A Word on Public Accommodation Law and the Commerce Clause

One possible objection one may bring forth is the argument pertaining to that of Public Accommodation Law and the Interstate Commerce Clause. The 1964 Civil Rights Act set forth a precedent of public accommodation, outlawing businesses from partaking in discrimination. One can cross-apply my arguments regarding the 1st, 5th, and 13th Amendment to see why these Public Accommodation regulations are unconstitutional as well. Of course Heart of Atlanta Motel v. US did argue that the 1964 Civil Rights Act is constitutional, their argument doesn’t hold up to the standards of the Constitution. The activist judges who made this decision ultimately decided that civil rights legislation is not held under the scrutiny of the 13th Amendment. In other words, the justices effectively repealed the 13th Amendment, the amendment that abolished slavery, in the name of equality.

The Interstate Commerce Clause does, in fact, allow the federal government to regulate a great degree of economic activity in the US, but many of the Supreme Court decisions that give the government such immense power are horrific misinterpretations of this clause. But that’s not the focus of this article. For the sake of argument, let us assume every prior Supreme Court decision regarding the Commerce Clause is correct. Even then, it does not justify forcing a businessman to sell to someone whom they do not wish to.

The reason for this is that a transaction has not occurred, and since there is no commerce there is nothing the federal government can regulate. If I refuse to sell to someone, there can’t be any economic activity whereas no contract has formed. To tell a businessman to bake the cake is to take the Commerce Clause even further. If one believes the government can do that, you believe that not only can they regulate interstate commerce, but also you believe they can force commerce in the first place.

This would open the gates to hell. It would mean that property owners do not have the right to exclude others from their property. It would mean that a Nazi could force a Jew to Bake the Cake for him. Since the 14th Amendment guarantees equal protection, a right for one is a right for all, and rightfully so. But the mistake the government makes is they define things that are not rights as rights. In addition, the federal government now uses the Bill of Rights as a restriction on the people when it was intended to be a restriction on the government. This is why the libertarian case against Bake The Cake is so much stronger than the constitutional case, but the constitutional case is still irrefutable, nonetheless.

The Libertarian Case

I am not a constitutionalist. I see the Constitution as an inherently flawed document that allows for a federal government that is far too centralized. But the Constitution is the law of the land. It is the document the federal government must follow. This is why I included the constitutionalist case in this article. Since the SCOTUS is meant to determine whether or not a law is constitutional, this is the standard they ought to follow. But on a more philosophical ground, Bake the Cake is still an egregious aggression against human dignity.

Liberty is built on the foundation of self-ownership, non-aggression, and private property rights. To violate any of the three is to violate the natural rights of a human being. As a property owner, a businessman has the right to refuse service to anyone for any reason. A business is his property, and no one else’s. It is the choice of the business as to whom they serve and whom they do not serve.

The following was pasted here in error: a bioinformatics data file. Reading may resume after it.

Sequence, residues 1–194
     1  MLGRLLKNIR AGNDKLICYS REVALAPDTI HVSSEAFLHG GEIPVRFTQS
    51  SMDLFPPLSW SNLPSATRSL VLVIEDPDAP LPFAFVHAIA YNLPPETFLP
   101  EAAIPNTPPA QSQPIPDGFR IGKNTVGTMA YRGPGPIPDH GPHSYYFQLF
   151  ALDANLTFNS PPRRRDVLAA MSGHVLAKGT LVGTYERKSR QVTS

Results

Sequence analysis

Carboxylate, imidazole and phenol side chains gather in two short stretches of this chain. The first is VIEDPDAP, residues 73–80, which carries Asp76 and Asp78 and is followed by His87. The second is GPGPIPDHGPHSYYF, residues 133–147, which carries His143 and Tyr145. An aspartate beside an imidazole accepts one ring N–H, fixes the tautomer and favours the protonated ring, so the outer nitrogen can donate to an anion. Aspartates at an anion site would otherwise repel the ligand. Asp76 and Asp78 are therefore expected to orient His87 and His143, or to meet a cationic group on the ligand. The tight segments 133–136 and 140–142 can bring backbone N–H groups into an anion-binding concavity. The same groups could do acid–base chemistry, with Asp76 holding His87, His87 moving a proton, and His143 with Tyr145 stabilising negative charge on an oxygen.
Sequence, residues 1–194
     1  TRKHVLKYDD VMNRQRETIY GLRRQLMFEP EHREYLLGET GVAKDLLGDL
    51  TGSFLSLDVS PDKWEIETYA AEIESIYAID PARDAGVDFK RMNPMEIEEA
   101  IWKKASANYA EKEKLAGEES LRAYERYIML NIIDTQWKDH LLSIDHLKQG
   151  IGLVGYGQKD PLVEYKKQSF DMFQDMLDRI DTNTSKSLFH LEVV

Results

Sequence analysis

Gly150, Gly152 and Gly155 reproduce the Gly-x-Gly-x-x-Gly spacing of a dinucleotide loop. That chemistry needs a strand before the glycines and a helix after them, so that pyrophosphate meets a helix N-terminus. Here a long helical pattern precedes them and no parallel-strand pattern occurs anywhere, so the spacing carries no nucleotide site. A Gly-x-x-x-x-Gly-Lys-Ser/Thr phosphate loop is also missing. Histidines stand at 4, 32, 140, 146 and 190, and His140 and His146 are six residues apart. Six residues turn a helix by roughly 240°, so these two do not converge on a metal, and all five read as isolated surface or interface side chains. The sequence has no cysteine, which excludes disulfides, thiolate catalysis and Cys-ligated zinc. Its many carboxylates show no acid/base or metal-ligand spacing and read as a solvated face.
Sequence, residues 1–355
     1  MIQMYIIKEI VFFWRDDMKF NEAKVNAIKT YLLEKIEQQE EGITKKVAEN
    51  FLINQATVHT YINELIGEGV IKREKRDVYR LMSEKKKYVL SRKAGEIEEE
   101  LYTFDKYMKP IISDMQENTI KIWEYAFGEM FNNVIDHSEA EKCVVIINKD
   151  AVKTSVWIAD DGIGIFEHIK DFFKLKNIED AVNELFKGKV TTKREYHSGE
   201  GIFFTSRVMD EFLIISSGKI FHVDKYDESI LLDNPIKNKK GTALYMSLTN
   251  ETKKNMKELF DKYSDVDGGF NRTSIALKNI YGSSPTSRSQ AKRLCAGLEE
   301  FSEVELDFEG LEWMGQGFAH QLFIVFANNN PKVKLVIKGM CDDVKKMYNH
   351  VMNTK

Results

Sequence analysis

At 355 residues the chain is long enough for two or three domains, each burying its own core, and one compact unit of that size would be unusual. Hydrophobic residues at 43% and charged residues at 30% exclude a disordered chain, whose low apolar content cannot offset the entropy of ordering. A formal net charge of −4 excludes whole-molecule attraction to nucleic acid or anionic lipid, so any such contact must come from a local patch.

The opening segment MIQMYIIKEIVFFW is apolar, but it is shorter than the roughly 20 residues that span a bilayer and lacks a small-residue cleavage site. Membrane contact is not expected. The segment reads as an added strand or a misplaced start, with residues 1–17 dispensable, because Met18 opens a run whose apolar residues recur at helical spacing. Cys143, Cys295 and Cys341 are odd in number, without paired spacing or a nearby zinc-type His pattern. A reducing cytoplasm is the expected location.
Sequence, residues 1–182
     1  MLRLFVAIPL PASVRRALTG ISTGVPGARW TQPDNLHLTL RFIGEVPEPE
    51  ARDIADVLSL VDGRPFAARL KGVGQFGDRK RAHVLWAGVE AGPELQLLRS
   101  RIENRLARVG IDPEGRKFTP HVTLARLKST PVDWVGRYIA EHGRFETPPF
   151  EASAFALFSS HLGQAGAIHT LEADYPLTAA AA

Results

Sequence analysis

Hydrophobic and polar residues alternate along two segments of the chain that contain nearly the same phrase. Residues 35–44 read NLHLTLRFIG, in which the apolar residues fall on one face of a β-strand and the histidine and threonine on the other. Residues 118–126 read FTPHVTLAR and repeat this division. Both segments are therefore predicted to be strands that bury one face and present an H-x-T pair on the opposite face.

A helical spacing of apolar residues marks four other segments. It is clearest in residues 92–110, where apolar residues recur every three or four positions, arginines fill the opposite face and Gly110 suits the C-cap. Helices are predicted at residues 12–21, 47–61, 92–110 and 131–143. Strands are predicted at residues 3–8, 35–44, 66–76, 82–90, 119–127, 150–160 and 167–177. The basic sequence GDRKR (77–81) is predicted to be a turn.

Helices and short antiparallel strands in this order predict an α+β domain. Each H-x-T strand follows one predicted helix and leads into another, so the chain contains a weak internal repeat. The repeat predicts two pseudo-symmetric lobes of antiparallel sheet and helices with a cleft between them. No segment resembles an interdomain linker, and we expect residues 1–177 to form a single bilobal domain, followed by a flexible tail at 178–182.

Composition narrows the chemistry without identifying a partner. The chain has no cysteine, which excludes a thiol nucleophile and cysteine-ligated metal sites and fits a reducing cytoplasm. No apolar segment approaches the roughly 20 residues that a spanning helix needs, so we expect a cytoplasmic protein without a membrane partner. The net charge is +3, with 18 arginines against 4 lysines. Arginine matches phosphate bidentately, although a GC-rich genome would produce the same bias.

Take a more conventional example, does one have the right to free speech? Yes. Does one have the right to break into my house or other units of my property so long as the intent behind this is to direct profanities toward me? Obviously not. As a property owner, I have the right to exclude anyone I please from my private property, for I am the sole owner of said property. No matter why I exclude someone from my property, it is within my rights to do so.

No matter whose feelings get hurt, this is the libertarian answer to the question of Bake the Cake. I do not have a right to your services. Consent is a two-way road. To do business, you must have a willing customer and a willing seller. By adhering to private property rights, this solution becomes incredibly obvious and simple. The Supreme Court isn’t asking if America respects religious liberty. Rather, they are asking if America respects the basic right to private property. To deny the right of the baker to deny service is to deny everyone the right to private property.

The Moral Case

If I walked into a bakery and it turned out that the baker hates tall people (I’m 6 ‘ 2″) and demanded that I leave the premises as he refuses to serve the vertically inclined, I would absolutely leave and take my patronage (and therefore, my money) elsewhere. Why would I want to promote the business of people who hate me? There is no moral reason for me to want to do this. Simply put, if why would an African American want to patronize a Klansman? Why would a Jew want to patronize a Neo-Nazi? Why would a homosexual want to patronize a bigot? They wouldn’t if they had any sense of decency.

People that are attempting to force association aren’t fighting for freedom, they’re fighting for tyranny. They hate the people who own property. They hate the individual right to be left alone on their property. They hate Christians. They hate the fact that they have rights. These leftists are so full of hate, that they are blinded by it. They fail to take this idea of forced association to its logical end: they too will be forced to serve straight, white, cis-gendered, Christian, tall, able-bodied, misogynist, right-wing Western men. They will have to associate with everything they hate as well. But of course, they don’t care about that, as long as private property is eliminated.

In other words, to side with people attempting to force bakers to make them a cake is to side with people who are actively fighting against private property, to side with people who are actively fighting against liberty, to side with people who are actively fighting against basic human decency. If you believe a baker should be forced to bake a cake for those he or she does not wish to serve, you do not believe in property. You reject the very foundation for freedom. By rejecting private property, you are a communist. There is no defense for forced association. There is no defense for forcing a baker to Bake the Cake.